Tai Lue, the ethnic group most common to the Muang Sing Valley are devoutly Buddhist. Hence, there are 24 vats (temples) and monasteries in the area. Near the center of town there are a few important vats well worth a visit. Vat Luang, the most important in the area, is located off the main road next to the museum. Vat Xiang In and Vat Xiang Lae are a short walk from Vat Luang. Vat Namkeo Luang, which has a large monks quarters, is also quite beautiful and is located on the road to Xieng Kok near the junction with the paved road to Namtha. Also on the road to Xieng Kok is the magnificent Jorm Sing Stupa.
11. Old Namtha Town
The old town, called Muang Namtha, is located near the airport around 6 km south of the new town. This area has many shaded pathways and older wooden houses built in the Tai Yuan style. In the old town you can see evidence of the second Indochina War-two old artillery pieces stand like sentinels at the entrance to the airport.
12. Buddhist Monument & Vats
There are two beautiful Buddhist temples or vats located in the older part of Luang Namtha town near the airport. Vat Bang Vieng Tai in Vieng Tai village just north of the airport and Vat Bang Luang Khone south of the airport were built by the valley's Tai Yuan population (locally known as Tai Kalorm) and are well worth a visit.
That Phoum Pouk is located near Nam Ngaen village on a hill in the northeast part of the Namtha Valley. The original stupa ws constructed in 1628 to demarcate neutral terriory between the kingdoms of Lane Xang (centered in Luang Prabang) and Lanna (centered in Chiang Mai). In 1966 the old stupa was destroyed when an American plane dropped a bomb on it. The new monument seen besides the older, ruined stupa was constructed in 2003.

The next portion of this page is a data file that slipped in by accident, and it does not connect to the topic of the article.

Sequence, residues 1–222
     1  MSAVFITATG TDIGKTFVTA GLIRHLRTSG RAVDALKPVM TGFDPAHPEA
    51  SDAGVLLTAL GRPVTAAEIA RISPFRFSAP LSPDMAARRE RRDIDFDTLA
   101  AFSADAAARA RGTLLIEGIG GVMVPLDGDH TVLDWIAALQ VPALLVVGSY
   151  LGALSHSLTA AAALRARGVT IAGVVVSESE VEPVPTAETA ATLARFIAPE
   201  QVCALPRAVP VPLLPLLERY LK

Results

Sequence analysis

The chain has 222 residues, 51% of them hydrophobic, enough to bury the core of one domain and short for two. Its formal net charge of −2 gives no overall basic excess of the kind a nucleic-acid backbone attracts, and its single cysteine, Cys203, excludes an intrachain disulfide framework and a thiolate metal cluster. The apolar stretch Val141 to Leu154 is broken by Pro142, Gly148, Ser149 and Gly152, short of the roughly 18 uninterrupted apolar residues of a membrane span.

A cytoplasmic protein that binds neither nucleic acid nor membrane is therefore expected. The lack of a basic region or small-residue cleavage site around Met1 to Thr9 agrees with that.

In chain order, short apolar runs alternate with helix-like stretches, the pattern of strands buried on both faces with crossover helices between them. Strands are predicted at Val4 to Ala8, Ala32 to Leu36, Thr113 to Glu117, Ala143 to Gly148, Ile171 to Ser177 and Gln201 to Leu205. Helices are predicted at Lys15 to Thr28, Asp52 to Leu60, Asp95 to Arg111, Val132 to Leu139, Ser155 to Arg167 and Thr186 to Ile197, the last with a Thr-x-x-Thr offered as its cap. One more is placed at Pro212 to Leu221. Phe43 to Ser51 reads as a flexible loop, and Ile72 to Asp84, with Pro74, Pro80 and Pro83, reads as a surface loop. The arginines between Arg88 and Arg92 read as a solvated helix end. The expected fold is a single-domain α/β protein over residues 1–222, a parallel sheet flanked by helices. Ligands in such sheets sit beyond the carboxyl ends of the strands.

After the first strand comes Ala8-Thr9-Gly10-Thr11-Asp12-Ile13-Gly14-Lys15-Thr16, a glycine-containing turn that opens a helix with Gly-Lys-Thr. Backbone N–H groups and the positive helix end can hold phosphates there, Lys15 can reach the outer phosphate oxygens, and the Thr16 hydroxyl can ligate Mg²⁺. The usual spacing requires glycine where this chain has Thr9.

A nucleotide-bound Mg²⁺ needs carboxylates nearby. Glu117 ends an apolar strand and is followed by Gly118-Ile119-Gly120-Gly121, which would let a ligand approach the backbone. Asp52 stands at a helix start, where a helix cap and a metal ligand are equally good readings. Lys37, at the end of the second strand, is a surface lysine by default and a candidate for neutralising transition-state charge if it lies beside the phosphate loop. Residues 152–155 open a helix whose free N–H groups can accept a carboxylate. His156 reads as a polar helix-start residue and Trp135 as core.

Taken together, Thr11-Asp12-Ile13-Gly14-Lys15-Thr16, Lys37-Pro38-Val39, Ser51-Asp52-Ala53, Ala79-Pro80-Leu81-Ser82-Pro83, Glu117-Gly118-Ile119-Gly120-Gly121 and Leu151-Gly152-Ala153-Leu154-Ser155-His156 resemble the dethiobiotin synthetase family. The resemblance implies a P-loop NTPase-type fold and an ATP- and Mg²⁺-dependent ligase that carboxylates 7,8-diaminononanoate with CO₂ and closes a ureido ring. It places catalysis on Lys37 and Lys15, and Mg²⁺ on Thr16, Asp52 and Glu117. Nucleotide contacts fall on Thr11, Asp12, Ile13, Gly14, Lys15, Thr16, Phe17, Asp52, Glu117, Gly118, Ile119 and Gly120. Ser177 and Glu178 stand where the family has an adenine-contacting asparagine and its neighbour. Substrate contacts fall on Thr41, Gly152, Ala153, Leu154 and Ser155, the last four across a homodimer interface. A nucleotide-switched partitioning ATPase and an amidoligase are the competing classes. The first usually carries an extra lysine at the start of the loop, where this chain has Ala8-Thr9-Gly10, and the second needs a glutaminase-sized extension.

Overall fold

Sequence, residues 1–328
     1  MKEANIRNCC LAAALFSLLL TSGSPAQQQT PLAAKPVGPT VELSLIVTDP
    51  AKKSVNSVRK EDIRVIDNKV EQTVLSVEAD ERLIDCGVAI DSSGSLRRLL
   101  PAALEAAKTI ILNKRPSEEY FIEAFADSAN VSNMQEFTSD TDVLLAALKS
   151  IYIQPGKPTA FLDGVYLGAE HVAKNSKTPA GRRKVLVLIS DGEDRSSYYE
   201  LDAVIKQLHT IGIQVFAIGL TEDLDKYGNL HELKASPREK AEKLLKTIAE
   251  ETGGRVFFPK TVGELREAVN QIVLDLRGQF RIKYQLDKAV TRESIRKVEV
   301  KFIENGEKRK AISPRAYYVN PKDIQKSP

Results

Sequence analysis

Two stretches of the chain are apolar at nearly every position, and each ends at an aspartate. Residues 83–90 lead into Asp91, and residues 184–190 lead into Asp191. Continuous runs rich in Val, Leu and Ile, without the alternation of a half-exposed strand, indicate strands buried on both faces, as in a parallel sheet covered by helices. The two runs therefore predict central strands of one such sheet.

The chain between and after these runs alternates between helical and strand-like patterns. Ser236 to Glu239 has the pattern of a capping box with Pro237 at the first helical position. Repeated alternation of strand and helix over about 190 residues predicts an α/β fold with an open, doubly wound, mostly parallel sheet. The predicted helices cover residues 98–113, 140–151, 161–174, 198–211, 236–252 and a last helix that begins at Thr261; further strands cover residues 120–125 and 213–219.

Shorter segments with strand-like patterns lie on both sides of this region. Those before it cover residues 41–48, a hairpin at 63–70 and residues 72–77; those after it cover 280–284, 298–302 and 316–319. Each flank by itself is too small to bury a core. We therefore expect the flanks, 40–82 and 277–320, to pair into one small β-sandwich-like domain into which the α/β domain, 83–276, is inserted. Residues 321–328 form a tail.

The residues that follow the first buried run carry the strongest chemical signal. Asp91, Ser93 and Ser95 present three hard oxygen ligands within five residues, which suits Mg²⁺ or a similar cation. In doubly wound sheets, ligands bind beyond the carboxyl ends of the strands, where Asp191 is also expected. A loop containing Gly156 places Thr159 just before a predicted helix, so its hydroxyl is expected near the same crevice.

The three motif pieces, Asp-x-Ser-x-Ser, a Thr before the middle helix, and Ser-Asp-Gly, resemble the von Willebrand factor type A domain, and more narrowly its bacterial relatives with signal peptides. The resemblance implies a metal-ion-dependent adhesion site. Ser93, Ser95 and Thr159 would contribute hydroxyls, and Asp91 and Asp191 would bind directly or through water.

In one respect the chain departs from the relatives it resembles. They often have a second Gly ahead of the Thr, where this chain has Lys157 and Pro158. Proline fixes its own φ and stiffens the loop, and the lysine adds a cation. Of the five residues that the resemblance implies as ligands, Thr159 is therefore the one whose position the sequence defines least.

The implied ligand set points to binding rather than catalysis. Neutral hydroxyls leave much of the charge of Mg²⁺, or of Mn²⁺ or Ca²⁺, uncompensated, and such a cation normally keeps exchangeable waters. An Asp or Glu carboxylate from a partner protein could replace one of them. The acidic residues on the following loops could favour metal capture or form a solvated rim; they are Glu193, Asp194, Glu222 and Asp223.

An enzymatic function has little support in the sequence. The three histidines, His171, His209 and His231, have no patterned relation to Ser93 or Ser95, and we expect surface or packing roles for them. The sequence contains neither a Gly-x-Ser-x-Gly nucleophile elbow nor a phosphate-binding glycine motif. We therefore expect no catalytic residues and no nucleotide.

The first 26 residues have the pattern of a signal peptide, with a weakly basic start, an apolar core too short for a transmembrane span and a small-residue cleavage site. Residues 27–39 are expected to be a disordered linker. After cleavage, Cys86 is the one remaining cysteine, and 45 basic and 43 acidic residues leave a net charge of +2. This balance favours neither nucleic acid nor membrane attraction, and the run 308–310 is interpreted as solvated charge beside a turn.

13. French Garrison and other Historic Buildings
Muang Sing is a town with a rich history. Once closely associated with the Sipsongpanna Kingdom centered in present day Yunnan China, the town has been influenced by Chinese, Burmese and French occupants. Originally constructed in the 18th century following a deliberate urban plan, you can see the old city walls and moat about 7 blocks norht of the museum, and also an old rampart in the northwest part of the Sing Valley. Across from the market, around the corner from the District Administration Offices you can find the old French Garrison. The garrison is now used by the Lao army and is off-limits to visitors. Photographing this army base is prohibited. Across the street from the garrison is the former district hospital built in 1919.
14. Namkeo Waterfall
The multi-tiered Namkeo waterfall is located about 2 kilometers from the That Xing Stupa and can be visited as part of a guided tour from the Muang Sing Guide office or while on the Akha Experience.
15. That Xieng Tung
That Xieng Tung is the most important religious monument in Muang Sing. It is believed locally that the stupa contains the Adam's-apple of the Lord Buddha. When the stupa was first constructed is still a mystery. To the left of the stupa is a stone stairway that leads to a sacred fountain and a sacred stone. If you follow the path to the right of the stupa heading downhill you might be able to find the old moat and wall that used to surround the site. The biggest festival of the year, Boun That Xieng Tung, is held here every year during the full moon of the 12th lunar month (usually November) and attracts a large crowd of people from around the province as well as Tai Lue Buddhists from as far top of a hill 5.5 km from the center of town on the road to Luang Namtha.